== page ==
March 15, 2009 -- It's supposed to be a nurturing place, but for thousands of students, just going to school in the morning can be a terrorizing experience.
Ali Bybee was one of those students. The 14-year-old attended White Pine Middle School, a small school in Ely, Nev., with a huge bullying problem.
She said she was teased and physically abused to the point that she just couldn't take it anymore.
"It was tough," Bybee said. "It was just a bunch of being scared and not wanting to leave my house very morning. It was hard."
It got so bad that Bybee and other students fled to another school 40 miles away.
Bybee is not alone. The Centers for Disease Control and Prevention estimates that every day 160,000 kids nationwide stay home from school because they are afraid of being bullied.
Some kids are so desperate for anyone to listen, that they've made their own videos and posted them online as a cry for help.
White Pine's new principal, Aaron Hansen, said his school is no longer one of those places.
Fed up with the bullying, Hansen scoured the Internet for information and spoke with school officials across the state to come up with an innovative plan.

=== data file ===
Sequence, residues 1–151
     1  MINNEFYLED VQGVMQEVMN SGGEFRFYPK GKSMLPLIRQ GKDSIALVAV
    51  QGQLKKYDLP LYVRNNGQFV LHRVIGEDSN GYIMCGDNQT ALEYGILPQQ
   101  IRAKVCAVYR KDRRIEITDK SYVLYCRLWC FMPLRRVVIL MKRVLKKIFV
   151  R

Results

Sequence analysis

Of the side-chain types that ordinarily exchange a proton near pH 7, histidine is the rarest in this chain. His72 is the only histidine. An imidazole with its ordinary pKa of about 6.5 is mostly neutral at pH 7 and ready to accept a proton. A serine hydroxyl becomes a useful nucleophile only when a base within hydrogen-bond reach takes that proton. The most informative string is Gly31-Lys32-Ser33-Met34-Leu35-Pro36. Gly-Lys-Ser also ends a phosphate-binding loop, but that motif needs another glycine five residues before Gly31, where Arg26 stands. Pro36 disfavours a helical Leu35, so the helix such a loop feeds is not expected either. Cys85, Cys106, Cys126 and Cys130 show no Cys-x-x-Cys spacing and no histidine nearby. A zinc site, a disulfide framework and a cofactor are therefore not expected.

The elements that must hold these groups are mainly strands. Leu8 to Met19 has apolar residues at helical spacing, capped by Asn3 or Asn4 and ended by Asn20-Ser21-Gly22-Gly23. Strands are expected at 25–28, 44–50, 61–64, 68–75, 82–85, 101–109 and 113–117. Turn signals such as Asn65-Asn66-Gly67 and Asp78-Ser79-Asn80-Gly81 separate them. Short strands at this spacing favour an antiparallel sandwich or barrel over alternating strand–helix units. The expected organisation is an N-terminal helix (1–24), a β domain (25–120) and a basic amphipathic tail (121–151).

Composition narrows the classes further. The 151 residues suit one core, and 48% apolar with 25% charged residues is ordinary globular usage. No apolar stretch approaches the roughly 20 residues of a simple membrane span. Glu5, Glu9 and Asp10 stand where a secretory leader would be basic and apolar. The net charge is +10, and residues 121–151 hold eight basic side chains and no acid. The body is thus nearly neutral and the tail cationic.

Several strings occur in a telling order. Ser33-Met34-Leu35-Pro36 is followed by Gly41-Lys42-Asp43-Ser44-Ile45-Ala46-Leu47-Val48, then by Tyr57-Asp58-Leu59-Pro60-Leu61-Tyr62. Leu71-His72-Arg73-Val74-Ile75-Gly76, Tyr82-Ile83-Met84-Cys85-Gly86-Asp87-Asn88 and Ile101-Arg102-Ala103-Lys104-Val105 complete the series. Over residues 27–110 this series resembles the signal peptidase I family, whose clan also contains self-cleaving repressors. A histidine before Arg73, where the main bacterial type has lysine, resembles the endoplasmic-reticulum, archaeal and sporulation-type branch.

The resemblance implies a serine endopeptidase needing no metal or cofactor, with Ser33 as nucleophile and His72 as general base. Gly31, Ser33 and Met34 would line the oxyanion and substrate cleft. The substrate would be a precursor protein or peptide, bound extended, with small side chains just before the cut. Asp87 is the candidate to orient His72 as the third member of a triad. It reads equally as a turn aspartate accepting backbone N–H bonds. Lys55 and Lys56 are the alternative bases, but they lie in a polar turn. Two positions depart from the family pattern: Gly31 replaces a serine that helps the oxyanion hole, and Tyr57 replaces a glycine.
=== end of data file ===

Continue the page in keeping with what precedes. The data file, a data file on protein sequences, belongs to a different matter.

He started by conducting a "bully survey." Every student in the school was asked to write down the names of the bullies. Reading through the surveys, Hansen noticed the same eight names kept popping up.
Instead of outing the bullies, Hansen used the surveys to identify the problem kids and meet with them individually. During the meetings, he worked on solving their problems individually, which often stemmed from trouble at home.
He also got the bullies involved in extracurricular activities as a reward for good behavior.
"We knew it wasn't going to be effective to bully the bullies, so we used it as a teaching moment," Hansen said.
Hansen also set up student groups to intervene if they saw a problem. The group organized a role-playing game in which students can act out their problems, instead of acting out in school.
To ensure no student is left out, teachers assign seats at lunch, and instead of a school bell, songs play over the public address system to send kids off to class in a lighthearted mood.
Students and staff alike say the school has been transformed. So much so that Ali Bybee has decided to come back, and she's not afraid anymore.
"Now that they are taking care of it I feel so much happier," she said.
Even the bullies are happier and part of a school where getting along is the most important lesson.